Saturday, June 22, 2024

Tensions between TNLA and SSPP Flare up Again in Shan State

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The Ta’ang National Liberation Army (TNLA), a Palaung ethnic armed organization, seized weapons from Shan State Progress Party/Shan State Army (SSPP/SSA) troops deployed in Namkham Township in southern Shan State, and transported them to Muse Township in northern Shan State by a convoy of cars.

Starting at 9:00 am on May 27, TNLA forces encircled SSPP troops deployed in villages along the Ruili (Shweli) River in Namkham, confiscated their weapons, and then transported the unarmed troops in a convoy to Manhlyoe town in Muse Township, according to locals.

“The TNLA surrounded and blockaded each village where SSPP troops were present.

They confiscated the weapons from SSPP troops and forced them into cars, with not a single shot fired during the incident. Each village with SSPP deployment was handled with a similar tactic by TNLA. Palaung soldiers (TNLA) loaded the SSPP troops into cars at gunpoint”, a 50-year-old witness from Namkham told SHAN.

In recent days, TNLA forces from Mantong, Kutkai, and Namphakka have been redeployed to reinforce Namkham. On May 27, SSPP troops from the villages of Manthawng, Nawngmalong, Nawngting, Nawngkham, and Kunhai in Namkham had their weapons seized by TNLA and were sent to Muse in a convoy of at least 10 vehicles.

In Nawnghkam village, situated on the China-Myanmar border, both SSPP and TNLA forces were stationed closely until the early morning of May 27. Locals reported that due to blockades associated with these deployments, the ferry piers used for trade were temporarily closed, resulting in the cessation of trade operations.

“Nawngkham village shares its border with Nawngtawng on the Chinese side. At the border checkpoint, both SSPP and TNLA troops were stationed, separated by a fence. Following TNLA reinforcements in Namkham, a new fence was erected between Kunhai and Nawngkham villages. Although SSPP troops were predominantly stationed in Kunhai, the fence hindered their movement between the two villages”, a Namkham resident said.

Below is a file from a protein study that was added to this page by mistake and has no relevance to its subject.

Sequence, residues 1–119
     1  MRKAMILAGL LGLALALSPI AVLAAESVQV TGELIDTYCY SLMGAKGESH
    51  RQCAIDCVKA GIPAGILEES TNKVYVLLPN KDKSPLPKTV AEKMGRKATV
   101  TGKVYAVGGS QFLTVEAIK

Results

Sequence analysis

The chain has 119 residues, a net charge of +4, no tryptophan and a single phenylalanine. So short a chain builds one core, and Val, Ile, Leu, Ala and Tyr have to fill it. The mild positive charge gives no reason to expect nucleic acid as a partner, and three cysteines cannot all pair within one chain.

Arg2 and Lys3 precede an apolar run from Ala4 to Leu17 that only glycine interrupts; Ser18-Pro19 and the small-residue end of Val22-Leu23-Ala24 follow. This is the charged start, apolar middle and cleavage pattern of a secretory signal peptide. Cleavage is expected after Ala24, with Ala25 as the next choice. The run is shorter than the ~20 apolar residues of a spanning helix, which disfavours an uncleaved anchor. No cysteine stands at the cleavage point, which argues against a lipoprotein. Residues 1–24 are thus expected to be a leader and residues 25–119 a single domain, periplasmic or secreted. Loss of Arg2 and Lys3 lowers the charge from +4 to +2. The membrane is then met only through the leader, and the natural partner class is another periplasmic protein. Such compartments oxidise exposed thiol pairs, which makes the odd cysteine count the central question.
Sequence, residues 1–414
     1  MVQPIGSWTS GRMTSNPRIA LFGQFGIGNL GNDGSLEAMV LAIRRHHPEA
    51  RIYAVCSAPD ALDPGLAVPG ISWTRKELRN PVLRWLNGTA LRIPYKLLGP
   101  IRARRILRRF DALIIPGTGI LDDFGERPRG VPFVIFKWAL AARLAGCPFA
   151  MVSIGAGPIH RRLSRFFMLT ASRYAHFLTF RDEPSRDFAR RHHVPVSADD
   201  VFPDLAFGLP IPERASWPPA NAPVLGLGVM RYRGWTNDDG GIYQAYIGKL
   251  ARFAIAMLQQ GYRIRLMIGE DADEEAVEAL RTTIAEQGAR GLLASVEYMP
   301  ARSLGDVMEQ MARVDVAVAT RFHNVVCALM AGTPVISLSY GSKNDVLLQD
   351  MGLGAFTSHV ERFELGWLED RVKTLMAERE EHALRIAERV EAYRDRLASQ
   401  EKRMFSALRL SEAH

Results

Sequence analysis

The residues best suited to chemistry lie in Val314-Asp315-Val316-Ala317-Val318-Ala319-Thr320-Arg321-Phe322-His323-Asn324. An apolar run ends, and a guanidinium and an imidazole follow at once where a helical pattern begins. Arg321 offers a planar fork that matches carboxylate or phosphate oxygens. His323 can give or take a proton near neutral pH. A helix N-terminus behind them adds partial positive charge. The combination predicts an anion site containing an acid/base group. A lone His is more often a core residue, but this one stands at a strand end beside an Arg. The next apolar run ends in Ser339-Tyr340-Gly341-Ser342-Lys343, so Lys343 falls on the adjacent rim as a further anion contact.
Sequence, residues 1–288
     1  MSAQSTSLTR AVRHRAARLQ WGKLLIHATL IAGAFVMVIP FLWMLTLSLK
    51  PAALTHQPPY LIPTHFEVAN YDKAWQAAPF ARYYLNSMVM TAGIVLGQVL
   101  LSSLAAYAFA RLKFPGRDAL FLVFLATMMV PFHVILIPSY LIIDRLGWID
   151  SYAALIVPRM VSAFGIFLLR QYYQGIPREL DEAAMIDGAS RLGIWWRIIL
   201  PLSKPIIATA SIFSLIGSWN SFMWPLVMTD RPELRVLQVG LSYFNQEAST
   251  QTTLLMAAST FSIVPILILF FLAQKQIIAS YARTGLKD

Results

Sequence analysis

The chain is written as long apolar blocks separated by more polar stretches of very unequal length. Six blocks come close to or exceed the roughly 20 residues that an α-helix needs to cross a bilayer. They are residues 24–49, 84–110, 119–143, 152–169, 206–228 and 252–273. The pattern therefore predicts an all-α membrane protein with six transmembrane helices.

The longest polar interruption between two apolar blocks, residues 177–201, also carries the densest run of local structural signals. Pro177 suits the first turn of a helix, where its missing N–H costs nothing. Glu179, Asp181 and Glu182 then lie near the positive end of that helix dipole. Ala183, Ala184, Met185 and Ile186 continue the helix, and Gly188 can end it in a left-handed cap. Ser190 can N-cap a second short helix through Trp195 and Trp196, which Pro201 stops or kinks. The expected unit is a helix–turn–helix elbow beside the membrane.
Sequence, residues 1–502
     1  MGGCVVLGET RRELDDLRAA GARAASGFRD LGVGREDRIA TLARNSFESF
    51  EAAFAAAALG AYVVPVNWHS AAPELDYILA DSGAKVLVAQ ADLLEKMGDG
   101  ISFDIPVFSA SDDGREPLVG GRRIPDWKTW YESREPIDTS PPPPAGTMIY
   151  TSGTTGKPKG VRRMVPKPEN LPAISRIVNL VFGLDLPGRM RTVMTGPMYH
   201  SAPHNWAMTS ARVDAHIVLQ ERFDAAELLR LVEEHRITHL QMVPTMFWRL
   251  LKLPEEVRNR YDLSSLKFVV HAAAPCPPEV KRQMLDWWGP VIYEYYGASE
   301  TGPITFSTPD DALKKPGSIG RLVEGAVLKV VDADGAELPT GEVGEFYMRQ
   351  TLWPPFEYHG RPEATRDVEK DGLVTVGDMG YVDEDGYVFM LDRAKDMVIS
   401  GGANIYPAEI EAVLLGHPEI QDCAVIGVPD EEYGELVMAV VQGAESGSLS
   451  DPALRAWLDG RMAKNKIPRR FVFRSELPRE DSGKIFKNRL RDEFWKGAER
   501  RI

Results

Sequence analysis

The SHAN is currently investigating to confirm whether the TNLA permanently confiscated the weapons from the SSPP troops or returned these arms to them when they were transported in a convoy to Muse.

“Since early April, we have been hearing that TNLA told SSPP troops to leave, but they stayed until May, still deployed in Namkham. We are not sure what is happening behind the scenes but this is not just happening in Namkham. SSPP troops also withdrew from Hsenwi, Kutkai, and Panghseng”, a local military source told SHAN.

SHAN’s efforts to reach SSPP spokesperson Colonel Sai Su and TNLA Information Department regarding reports of TNLA seizing weapons from SSPP troops and compelling them to depart Namkham, were unsuccessful.

Back in early March, tensions flared between TNLA and SSPP over tax collection at the Nawngtawng border checkpoint, prompting both sides to close the border gates.

TNLA also sent a message on January 21, informing SSPP not to recruit new soldiers or engage in military, administrative, or tax collection activities in Namkham, an area under TNLA control.

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